When known, the shoreline miles that we report in our statistics include only the lake's exterior shoreline, and exclude the shorelines of islands located within a lake's boundaries. In lakes with many islands, those islands' combined shorelines may exceed a lake's exterior shoreline.

You can find many of the world's longest-shoreline lakes on Lakelubbers.


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Surface Area | LakeLubbers

This is the area (acreage, square kilometers, etc.) of the top surface area of a lake - measured at a lake's normal elevation. The surface area can be considerably smaller or larger when lake levels are lower or higher than normal. North America's Lake Superior is the world's largest freshwater lake by this measure.

The other measure of a lake's size is the lake's water volume. By that measure, the world's largest freshwater lake is Lake Baikal in Siberia.

You can find many of the world's largest lakes (acres) on Lakelubbers. There is no widely-accepted minimum surface area that defines a lake. What Lakelubbers describes as a lake, you might call a pond. The smallest lake that Lakelubbers currently includes is Hawaii's 2-acre Lake Waiau.


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Water Level Control | LakeLubbers

This is the organization that controls water releases or outflows from the lake or reservoir. In the USA, this is often the US Army Corps of Engineers, a power company, a municipal water system, an irrigation district, or a paper manufacturing company. In the case of private or gated lakes, a homeowners' association may be the lake's controlling authority.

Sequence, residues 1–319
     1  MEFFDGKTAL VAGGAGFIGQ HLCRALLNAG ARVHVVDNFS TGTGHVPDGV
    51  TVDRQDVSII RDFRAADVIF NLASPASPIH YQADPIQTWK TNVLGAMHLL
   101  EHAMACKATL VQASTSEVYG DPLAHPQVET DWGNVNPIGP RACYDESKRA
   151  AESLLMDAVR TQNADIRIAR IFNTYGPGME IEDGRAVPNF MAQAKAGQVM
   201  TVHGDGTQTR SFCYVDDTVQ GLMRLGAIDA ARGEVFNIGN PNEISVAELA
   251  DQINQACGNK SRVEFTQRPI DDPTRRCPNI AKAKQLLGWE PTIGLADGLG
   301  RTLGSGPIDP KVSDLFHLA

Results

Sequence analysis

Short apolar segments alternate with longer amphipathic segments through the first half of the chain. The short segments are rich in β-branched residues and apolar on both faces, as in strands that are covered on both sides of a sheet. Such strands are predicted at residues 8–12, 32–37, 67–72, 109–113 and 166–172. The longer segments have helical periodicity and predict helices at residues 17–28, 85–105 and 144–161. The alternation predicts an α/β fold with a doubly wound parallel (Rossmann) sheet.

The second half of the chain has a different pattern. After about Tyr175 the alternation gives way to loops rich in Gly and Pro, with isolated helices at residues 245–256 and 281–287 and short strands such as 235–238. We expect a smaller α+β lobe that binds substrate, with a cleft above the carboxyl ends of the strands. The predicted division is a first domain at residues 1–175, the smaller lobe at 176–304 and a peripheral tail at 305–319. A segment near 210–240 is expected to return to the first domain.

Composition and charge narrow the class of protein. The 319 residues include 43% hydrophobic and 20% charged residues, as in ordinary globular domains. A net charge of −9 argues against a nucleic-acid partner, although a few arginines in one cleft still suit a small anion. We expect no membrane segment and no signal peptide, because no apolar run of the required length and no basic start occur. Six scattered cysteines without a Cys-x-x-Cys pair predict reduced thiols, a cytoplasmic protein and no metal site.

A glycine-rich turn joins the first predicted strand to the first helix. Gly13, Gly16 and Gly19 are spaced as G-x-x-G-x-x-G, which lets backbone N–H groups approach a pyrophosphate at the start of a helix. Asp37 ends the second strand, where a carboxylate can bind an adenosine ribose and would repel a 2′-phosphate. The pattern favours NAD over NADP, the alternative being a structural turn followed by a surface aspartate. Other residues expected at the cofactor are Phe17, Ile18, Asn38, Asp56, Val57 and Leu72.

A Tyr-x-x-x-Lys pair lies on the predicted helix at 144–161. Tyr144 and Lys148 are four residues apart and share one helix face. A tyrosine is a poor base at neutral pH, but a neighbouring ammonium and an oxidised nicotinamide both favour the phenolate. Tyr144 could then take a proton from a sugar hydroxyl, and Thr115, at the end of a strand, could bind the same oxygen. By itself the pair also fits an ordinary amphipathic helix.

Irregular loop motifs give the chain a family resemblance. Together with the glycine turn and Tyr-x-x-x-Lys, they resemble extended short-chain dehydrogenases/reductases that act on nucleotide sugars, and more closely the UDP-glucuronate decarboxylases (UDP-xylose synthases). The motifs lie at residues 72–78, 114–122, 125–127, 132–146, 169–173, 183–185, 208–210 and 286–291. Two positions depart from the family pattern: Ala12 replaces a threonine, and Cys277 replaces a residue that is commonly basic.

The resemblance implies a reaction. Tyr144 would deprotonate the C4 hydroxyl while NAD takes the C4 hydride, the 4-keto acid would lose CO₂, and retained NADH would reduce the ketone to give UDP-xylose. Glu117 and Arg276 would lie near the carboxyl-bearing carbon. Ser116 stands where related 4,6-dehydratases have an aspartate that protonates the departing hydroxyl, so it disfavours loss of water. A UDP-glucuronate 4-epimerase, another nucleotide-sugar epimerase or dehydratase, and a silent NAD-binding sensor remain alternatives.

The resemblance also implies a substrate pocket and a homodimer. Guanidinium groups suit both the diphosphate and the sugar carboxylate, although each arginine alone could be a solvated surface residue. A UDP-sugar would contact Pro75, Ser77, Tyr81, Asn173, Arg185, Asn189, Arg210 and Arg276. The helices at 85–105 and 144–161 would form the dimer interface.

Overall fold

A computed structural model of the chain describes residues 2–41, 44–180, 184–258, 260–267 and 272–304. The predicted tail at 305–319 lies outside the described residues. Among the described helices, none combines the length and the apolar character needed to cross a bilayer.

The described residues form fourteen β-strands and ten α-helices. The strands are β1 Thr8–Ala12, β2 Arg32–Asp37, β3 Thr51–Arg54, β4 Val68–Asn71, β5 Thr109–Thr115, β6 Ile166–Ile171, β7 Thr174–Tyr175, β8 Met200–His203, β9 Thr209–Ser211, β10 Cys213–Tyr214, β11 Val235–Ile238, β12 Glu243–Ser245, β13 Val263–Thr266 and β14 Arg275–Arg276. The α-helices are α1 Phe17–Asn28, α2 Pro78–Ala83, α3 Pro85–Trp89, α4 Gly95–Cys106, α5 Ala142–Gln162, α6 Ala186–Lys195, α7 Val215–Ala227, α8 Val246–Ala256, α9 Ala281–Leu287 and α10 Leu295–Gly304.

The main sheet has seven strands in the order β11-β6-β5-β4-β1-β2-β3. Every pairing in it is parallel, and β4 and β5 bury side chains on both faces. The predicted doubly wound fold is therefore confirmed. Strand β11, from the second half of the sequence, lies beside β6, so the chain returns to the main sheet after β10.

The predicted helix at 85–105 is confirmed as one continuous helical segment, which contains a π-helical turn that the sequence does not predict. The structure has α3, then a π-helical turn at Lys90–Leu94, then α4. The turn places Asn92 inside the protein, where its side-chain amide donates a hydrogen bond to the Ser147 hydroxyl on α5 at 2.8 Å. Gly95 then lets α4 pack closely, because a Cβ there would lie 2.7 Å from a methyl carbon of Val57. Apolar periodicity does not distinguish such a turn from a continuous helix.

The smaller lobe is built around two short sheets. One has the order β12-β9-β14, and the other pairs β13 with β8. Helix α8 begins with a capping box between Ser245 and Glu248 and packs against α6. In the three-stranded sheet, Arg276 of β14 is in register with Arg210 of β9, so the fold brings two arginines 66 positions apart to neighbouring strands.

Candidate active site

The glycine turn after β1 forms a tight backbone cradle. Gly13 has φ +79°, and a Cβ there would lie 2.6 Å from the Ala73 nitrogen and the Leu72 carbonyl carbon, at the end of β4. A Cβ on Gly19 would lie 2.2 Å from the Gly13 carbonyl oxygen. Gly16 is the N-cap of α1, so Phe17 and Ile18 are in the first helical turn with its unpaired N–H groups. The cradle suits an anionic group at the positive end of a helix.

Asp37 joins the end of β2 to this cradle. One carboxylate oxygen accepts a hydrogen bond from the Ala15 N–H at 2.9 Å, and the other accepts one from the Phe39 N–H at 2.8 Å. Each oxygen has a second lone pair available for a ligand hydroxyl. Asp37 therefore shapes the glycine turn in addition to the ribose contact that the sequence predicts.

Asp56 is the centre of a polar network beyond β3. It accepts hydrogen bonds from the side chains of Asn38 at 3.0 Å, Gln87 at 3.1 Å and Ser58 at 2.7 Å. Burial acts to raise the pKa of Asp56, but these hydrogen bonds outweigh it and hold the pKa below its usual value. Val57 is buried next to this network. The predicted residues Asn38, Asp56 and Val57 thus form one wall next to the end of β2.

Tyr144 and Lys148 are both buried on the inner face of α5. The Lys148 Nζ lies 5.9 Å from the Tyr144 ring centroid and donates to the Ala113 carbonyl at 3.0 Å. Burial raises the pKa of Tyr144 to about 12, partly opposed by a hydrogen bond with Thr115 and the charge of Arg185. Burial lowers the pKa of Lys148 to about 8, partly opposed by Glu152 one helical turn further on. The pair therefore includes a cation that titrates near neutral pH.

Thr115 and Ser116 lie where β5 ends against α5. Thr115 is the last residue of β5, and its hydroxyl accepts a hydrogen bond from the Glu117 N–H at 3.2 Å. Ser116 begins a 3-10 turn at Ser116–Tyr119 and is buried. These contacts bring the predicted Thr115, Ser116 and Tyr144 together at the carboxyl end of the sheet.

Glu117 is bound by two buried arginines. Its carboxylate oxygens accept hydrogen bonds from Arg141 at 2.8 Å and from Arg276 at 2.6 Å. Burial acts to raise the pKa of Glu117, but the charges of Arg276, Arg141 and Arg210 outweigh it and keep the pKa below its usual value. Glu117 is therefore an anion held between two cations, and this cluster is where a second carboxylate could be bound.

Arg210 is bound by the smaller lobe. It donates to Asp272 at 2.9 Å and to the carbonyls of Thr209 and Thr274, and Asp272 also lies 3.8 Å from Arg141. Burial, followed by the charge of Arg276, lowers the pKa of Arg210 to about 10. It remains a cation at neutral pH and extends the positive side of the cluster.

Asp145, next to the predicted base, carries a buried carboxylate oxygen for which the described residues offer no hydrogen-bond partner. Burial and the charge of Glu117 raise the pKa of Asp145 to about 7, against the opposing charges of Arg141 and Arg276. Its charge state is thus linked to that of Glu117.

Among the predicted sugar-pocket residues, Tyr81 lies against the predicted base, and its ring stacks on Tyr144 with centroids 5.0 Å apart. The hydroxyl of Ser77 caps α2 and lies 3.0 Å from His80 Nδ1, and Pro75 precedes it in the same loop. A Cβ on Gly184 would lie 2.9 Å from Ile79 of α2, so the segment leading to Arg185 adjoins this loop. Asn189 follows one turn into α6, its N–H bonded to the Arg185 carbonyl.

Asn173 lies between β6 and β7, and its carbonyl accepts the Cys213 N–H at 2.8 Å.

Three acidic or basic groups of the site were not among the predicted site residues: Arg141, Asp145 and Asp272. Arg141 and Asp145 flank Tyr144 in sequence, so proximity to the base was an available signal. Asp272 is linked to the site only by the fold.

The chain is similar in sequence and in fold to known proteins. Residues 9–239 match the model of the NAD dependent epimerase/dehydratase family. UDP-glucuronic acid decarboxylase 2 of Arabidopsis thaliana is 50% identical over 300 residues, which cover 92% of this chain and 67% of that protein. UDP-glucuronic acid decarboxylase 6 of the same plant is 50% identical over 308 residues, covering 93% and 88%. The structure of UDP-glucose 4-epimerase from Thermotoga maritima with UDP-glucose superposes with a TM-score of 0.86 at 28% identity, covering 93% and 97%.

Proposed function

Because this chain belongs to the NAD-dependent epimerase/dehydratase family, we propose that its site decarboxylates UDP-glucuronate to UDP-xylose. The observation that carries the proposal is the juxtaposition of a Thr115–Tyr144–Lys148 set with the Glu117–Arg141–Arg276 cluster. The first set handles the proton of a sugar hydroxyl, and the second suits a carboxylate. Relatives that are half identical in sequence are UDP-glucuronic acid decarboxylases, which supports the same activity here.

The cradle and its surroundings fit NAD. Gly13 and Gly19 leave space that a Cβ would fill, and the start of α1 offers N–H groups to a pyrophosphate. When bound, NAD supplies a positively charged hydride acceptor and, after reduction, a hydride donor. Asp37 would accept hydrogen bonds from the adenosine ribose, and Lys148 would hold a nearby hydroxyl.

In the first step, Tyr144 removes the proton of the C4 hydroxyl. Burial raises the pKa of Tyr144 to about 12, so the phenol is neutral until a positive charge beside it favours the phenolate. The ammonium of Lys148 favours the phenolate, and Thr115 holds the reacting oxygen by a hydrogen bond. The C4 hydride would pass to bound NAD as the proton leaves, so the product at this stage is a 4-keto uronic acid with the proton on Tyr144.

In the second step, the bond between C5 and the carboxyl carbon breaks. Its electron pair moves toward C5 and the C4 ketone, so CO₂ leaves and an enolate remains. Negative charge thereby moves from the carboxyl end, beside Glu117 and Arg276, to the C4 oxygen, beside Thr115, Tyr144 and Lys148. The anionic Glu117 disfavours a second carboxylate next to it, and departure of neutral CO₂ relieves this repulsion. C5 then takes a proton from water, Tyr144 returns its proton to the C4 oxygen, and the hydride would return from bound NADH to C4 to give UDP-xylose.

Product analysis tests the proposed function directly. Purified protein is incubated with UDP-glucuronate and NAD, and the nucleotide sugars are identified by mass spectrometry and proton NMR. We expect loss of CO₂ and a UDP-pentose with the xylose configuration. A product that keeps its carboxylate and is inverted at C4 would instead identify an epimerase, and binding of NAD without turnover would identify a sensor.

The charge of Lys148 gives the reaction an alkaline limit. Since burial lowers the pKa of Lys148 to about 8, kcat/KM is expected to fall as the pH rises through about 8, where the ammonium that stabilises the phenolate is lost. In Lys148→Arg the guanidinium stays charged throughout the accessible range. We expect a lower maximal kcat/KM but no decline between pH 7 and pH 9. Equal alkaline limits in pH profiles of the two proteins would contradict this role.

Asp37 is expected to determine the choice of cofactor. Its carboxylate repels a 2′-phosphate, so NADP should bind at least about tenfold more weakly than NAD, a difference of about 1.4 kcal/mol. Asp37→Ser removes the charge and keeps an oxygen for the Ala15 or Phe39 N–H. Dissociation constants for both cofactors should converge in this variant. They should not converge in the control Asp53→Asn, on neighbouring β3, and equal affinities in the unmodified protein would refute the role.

Many lakes cross borders, including North America's Great Lakes. The control of such lakes and their coveted freshwater may be amicably shared - or hotly disputed.

"Water wars" continue at many lakes as growing populations and crop irrigation needs compete for the freshwater that lakes contain.


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Lake Type | LakeLubbers

There are 3 basic types of lakes that are currently included on LakeLubbers. 2 types may be dammed or not dammed, producing 5 classifications.

- A Reservoir is a man-made freshwater lake that is usually created by damming rivers.

- A Natural Freshwater Lake occurs naturally - often by glacial activity - and has a salinity of less than 30 parts per thousand. It may be dammed to produce electricity or for other reasons.

- A Natural Saltwater Lake occurs naturally and has a salinity of more than 30 parts per thousand (ppt). It may be dammed.

"Brackish" water may be categorized as freshwater or saltwater, depending on its salt content (salinity). Oligohaline water has less than 15 ppt of salt. Mesohaline water has 15-29 ppt. Polyhaline has 30-335 ppt.